Winter 2017 Interchange Articles
Ned Stowe, General Secretary
Honesty, integrity, equality, justice, community, diversity, peace, nonviolence, civic and social responsibility, and care for the earth – these are some of the fundamental values that we Friends have discovered together through our direct experience of God. They stem from our collective discovery that there is that of God in all people. They are key elements in our vision of the Peaceable Kingdom.
So, what would Love have us do when the highest political office in the land is occupied by a president who shows so little care for the core values by which we Friends have lived and testified for centuries? What are we called to do in relationship with the millions of people who were attracted to his message and supported him? What would God have us do to heal the deep wounds and bridge the wide chasms that now divide our communities and nation?
It has never been Friends’ purpose to impose our values on others through edicts or coercion. Rather, we have sought to change hearts and minds by stirring and awakening the Spirit within. We seek faithfully to listen for and follow God’s leading,… to listen for and answer that of God in all people,… to let our lives speak (not just our words) for what we believe,… to behold that we are one in the Spirit,… and to be willing to sacrifice and suffer for what we believe.
Friends have faced seemingly insurmountable challenges many times before. Since the very beginning of Friends’ experiment with Truth, we have spoken Truth to power and willingly accepted the consequences. Friends have struggled for religious freedom, to reform prisons, to resist participation in war, to end slavery, and to secure voting rights for women and People of Color. We have resisted and endured violent revolutions, civil wars, world wars, and (thus far) the nuclear arms race. Friends before us endured horrendous, scary, violent times, when the future must have looked incredibly bleak and uncertain.
Is this political moment any different? I believe the perils we face today as a people and as a nation are greater than any we have faced before. The fissures run deep, and we are entering a time when the people taking power and their supporters seem intent to make them even deeper and wider. Our fundamental capacities for self-governance, civil discourse, and collectively discerning the common good have been sorely weakened. Our political system is broken and dysfunctional at a time when national and global crises are mounting. What future do we have as a people if we cannot respect one another, listen to one another, recognize and celebrate our differences, learn from one another, seek truth together, challenge and disagree with one another, trust one another, and then discern our way forward together through mutually agreed upon political institutions and processes?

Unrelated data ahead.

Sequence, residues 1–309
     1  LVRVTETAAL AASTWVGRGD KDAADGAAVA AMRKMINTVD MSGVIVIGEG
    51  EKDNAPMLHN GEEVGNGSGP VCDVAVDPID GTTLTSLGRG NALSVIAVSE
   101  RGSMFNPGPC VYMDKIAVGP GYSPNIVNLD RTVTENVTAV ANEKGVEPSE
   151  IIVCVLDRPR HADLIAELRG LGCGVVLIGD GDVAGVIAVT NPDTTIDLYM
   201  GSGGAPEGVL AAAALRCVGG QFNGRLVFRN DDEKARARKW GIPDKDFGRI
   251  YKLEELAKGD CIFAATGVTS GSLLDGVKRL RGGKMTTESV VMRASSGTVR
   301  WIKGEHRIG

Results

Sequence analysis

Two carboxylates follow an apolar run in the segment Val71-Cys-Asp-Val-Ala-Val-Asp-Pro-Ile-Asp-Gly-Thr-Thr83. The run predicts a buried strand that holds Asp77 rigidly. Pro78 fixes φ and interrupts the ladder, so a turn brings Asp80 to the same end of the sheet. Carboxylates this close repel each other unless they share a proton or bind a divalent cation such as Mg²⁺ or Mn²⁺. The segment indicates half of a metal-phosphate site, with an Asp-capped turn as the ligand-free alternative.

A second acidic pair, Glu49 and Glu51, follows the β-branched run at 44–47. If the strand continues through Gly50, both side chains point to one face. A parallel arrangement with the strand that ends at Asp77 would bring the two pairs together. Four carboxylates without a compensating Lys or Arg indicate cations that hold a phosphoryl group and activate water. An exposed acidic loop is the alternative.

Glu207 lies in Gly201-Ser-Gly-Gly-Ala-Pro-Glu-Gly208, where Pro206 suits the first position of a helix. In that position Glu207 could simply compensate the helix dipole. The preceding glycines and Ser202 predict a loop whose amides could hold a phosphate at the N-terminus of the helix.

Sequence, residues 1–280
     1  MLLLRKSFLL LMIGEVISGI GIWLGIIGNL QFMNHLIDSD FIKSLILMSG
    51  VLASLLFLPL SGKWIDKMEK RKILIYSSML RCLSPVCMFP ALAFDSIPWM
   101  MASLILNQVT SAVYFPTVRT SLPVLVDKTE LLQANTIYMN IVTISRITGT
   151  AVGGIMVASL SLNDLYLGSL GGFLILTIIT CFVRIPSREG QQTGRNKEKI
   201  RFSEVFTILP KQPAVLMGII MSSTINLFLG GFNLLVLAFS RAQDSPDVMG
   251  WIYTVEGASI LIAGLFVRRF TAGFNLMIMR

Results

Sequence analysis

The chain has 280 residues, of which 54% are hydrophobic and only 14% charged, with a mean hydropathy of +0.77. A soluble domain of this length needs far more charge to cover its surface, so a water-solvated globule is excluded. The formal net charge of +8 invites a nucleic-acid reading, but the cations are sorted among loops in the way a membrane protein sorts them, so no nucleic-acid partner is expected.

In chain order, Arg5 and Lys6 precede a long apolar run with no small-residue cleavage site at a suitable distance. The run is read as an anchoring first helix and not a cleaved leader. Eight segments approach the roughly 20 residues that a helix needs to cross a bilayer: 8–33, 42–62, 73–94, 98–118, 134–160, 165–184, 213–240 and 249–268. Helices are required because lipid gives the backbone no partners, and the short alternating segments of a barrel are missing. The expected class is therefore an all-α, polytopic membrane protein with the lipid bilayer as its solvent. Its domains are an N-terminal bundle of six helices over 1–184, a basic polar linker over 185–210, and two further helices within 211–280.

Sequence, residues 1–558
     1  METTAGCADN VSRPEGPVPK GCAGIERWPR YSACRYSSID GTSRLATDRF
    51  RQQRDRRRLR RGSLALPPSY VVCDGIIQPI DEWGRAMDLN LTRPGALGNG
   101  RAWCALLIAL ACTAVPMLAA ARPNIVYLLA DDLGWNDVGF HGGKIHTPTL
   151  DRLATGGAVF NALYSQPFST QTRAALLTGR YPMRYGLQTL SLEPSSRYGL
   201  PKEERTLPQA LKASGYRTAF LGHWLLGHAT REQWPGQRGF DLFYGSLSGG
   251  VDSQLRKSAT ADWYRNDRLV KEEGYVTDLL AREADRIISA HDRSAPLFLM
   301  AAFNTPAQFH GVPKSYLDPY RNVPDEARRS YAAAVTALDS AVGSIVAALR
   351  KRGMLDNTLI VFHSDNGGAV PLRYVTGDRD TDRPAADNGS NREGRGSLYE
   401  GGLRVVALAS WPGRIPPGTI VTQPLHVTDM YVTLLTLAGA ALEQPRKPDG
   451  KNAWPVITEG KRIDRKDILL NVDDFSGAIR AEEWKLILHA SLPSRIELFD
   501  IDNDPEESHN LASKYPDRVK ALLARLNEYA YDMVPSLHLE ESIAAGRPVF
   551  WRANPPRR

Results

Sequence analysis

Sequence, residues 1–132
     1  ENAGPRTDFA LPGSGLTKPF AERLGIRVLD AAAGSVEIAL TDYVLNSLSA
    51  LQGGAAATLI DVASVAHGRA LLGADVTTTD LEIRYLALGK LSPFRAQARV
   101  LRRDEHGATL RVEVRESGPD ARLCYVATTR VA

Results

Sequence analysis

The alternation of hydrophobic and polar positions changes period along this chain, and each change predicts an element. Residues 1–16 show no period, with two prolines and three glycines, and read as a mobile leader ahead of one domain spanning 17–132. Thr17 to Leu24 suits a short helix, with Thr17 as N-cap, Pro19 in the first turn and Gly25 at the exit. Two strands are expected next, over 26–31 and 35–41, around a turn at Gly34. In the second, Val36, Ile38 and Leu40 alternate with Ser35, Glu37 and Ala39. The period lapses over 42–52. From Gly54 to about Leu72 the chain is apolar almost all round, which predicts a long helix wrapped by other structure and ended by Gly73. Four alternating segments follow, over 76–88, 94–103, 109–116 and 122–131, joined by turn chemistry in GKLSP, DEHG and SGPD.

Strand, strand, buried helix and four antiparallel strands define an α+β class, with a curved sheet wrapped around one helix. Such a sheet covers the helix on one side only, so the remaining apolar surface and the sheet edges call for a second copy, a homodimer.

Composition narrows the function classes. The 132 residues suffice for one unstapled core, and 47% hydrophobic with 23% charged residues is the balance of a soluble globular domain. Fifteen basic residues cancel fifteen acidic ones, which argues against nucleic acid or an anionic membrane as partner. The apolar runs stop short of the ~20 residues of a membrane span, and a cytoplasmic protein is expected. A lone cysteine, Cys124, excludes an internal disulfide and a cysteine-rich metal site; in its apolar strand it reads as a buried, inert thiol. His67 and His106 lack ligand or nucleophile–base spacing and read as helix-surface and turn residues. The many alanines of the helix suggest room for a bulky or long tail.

So, what do we Friends do? God is not partisan. In the Spirit, we are all united. We are called to love our neighbors as ourselves—and, especially, to love our enemies.
We do what we always do… We gather in the Spirit… We faithfully listen for and follow God’s leading… We listen for and answer that of God in all people… We let our lives speak (not just our words) for what we believe… We recognize that we are one in the Spirit… We willingly sacrifice and suffer for what we believe… We speak Truth to power… We proceed in the Light with love, faith, and hope.
… And then we do more… We dig deeper into our souls than we ever have before… We support one another… We offer sanctuary and refuge to those in need and fear… We seek out and engage with those with whom we disagree… We show love and kindness for all… We reach out and unite with others in the Spirit as we never have before… We offer our world a more compelling and powerful vision: the Peaceable Kingdom here and now.
Marcy Seitel, Clerk of Interim Meeting
Several years ago at Annual Session, I was sitting in the quiet of the evening next to the beautiful candlelit labyrinth that the Junior Young Friends had created. It was an awesome place of peace and quiet. Suddenly the sound of exuberant voices and pounding feet could be heard, and then began to fill the air. A crowd of young people, teens and children, had just finished a postponed game of capture the flag and were running to rejoin the All Age Celebration. I heard the noise of this happy group, still hidden from my view by the buildings at Frostburg University. As all those runners came into view, they in turn saw the labyrinth. In a moment, with an unstated but obvious consensus, the group stopped running and quietly moved forward. A number of them came to walk the labyrinth, calm and quiet and present. Others walked by, also quiet.